5th Grades’ Marine Debris Project Draws National Attention

Written by Leigh Ann Clifton  
Monday, 24 May 2010

“Haven’t you always wanted to help save the planet?” asked 5th grader Nathan Vince. Vince’s comment came following a class beach cleanup in Santa Cruz last fall. The fifth grade had already selected coastal cleanup and the problem of marine debris as a focus of study… but had no idea that their efforts would launch them into the national spotlight!

What started out as a presentation by a locally-based environmental organization on the dangers of marine debris has, for Mount Madonna School’s (MMS) 5th grade class, turned into an elaborate project producing: an educational DVD; a Waste Fact coloring book; a city council petition to ban single-use plastic bags; letters to members of the United States Congress; presentations of their project at other local schools—and first place awards in several local, state and national contests!

“This project is one of the most powerful teaching tools I’ve ever used,” explains Jessica Cambell, MMS elementary science teacher and project mentor. “It is cross-curricular and allows for the children to utilize the standards in a ‘real-life’ situation where they can change the world. It empowers and shows the students the value of their education. Through our project we explored language arts, mathematics, science, social studies, public speaking, technology, and art.”

The class entered its project in two local Earth Day celebrations and two national challenges—and each time came out a top winner! Awards for the project include:

• 1st Place nationally, Siemens “We Can Change the World” Elementary School Challenge. Prizes include a $5,000 cash award, an on-site video shoot for the class to be turned into a spot airing on one of Discovery’s networks, and a chance for the team to be featured on a JumboTron in New York’s Times Square.

• 1st Place in California, Disney “Planet Challenge.” Three California schools tied for the top state prize, including MMS, and schools in Sonoma and South Lake Tahoe. Prizes include a $1,000 cash award, and gift packs for each 5th grader.

• 1st Place, elementary division; Special Teachers’ Award; Best-in-Show, Morgan Hill’s Earth Day Art & Science Fair. The project received $550 for their efforts and special recognition by Morgan Hill Mayor Steve Tate.

• 1st Place, Santa Cruz County, 2010 Earth Day Festival, $350 cash prize awarded by Santa Cruz Mayor Mike Rotkin. In addition, the project is on display for a month at the Santa Cruz Natural History Museum, culminating in a public reception and presentation of the project on May 25th from 4 to 6 pm.

The DVD, titled “Our Big Blue Landfill and What We Can Do About It,” was written, acted, filmed, edited, marketed and sold by the students. With its humorous script and appealing delivery, the students successfully took on very serious subject matter, and showed how trash impacts the marine habitat and how each individual can help to better preserve the ocean environment. To date, more than 100 copies of the $15 DVD have been sold. The class is planning to use proceeds from the DVD sales to make microloans to people in developing countries through www.Kiva.org.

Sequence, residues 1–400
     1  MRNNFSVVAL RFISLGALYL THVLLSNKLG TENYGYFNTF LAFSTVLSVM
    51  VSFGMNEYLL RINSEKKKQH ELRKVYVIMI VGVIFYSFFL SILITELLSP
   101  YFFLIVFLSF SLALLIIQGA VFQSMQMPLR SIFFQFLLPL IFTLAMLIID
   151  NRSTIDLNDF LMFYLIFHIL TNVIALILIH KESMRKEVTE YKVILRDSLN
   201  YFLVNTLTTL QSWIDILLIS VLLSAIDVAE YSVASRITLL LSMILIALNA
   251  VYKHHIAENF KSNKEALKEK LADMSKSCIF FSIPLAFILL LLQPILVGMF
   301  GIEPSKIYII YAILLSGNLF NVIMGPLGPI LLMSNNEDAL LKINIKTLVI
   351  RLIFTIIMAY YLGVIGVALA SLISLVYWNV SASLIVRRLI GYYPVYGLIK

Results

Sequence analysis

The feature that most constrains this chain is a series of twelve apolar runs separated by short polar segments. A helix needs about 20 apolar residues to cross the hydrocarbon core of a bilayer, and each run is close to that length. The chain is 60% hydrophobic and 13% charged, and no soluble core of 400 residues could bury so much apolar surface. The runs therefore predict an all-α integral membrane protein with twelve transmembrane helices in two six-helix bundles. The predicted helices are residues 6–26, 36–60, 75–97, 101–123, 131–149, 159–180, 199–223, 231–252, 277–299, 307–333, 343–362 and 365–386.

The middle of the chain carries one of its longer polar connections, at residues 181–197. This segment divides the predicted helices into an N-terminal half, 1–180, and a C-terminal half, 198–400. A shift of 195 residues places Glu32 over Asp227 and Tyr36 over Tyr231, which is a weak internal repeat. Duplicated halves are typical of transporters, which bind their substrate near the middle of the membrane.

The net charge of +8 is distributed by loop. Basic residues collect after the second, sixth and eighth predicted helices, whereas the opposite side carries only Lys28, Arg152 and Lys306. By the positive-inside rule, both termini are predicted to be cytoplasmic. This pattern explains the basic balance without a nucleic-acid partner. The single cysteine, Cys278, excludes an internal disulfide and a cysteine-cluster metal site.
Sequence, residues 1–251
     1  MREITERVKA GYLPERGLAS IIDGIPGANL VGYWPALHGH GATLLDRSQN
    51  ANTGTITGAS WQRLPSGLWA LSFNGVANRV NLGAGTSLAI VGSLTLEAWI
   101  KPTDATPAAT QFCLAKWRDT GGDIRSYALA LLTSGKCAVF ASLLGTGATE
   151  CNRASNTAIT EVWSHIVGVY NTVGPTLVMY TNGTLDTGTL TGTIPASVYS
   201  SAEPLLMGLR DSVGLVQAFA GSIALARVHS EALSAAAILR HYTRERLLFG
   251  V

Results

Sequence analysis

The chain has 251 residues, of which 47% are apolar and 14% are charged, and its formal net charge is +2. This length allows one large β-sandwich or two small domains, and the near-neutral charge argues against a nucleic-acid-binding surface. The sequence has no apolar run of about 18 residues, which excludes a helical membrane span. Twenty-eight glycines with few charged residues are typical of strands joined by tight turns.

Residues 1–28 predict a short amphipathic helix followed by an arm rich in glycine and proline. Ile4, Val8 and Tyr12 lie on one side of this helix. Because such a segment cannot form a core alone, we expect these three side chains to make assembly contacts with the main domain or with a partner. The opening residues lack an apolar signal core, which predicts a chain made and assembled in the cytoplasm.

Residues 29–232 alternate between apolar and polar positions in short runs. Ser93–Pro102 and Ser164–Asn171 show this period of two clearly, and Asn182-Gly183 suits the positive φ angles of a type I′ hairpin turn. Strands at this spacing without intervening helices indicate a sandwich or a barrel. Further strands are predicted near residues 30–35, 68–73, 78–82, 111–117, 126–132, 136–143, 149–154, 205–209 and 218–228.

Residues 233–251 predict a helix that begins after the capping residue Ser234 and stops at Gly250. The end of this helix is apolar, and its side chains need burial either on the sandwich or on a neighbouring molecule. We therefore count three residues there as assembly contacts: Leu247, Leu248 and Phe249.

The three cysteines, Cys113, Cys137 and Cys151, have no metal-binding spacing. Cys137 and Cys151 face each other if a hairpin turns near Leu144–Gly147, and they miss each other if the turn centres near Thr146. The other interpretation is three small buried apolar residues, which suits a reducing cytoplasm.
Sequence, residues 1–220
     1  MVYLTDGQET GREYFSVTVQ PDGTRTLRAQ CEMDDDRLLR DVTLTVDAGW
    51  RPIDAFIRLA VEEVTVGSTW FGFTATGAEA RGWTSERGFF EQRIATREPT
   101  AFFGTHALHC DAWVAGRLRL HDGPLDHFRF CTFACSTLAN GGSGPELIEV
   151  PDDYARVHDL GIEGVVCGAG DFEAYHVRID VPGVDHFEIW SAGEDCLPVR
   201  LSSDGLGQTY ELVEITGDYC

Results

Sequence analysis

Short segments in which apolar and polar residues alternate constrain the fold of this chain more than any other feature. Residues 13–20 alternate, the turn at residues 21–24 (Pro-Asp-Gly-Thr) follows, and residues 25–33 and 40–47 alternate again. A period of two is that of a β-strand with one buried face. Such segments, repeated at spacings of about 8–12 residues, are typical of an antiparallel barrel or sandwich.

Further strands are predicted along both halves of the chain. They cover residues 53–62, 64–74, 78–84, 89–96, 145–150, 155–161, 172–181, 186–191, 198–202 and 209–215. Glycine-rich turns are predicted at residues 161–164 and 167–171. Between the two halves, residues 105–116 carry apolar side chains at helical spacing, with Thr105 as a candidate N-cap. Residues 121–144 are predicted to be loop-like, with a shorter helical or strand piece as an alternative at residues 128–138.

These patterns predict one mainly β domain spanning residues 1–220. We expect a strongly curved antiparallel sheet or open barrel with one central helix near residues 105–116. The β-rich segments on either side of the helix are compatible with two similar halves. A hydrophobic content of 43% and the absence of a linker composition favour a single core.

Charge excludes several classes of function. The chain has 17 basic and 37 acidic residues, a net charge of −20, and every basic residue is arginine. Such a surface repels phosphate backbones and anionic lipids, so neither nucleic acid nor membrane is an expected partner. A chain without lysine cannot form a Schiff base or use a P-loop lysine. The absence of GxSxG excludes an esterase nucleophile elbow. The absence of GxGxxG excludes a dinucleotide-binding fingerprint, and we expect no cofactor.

“There are several reasons that I so value this project,” explains fifth grade teacher Sri Gyan James McCaughan. “The first is that it articulates an approach to education involving the whole school community: students, parents, and teachers, to invoke change in the greater community. The genius of the project is that it is collaborative; by the time we were finished, we all understood that together we all became more intelligent.

Second, we are a school of learners, and, instead of the old model of a teacher dispensing knowledge, everyone both teaches and learns from one another. I am humbled when I see the generosity of my students instructing me on some aspect of computer software or hardware. On the other hand, they honor me in valuing the wisdom of age and experience that I contribute. Finally, although winning prizes is a primary consideration at the beginning of the project, by the end students realize that the prize is the learning itself.”


Contact: Leigh Ann Clifton, Media & Public Relations, e-mail address is being protected from spam bots, you need JavaScript enabled to view it

PreK-12th grade independent school for families seeking academic excellence, positive character development, and creative self-expression • Accredited by CAIS and WASC • Non-religious •  355 acres on the summit of Mount Madonna    • 20 minutes from Gilroy or Watsonville • Established 1979

Last Updated ( Monday, 24 May 2010 )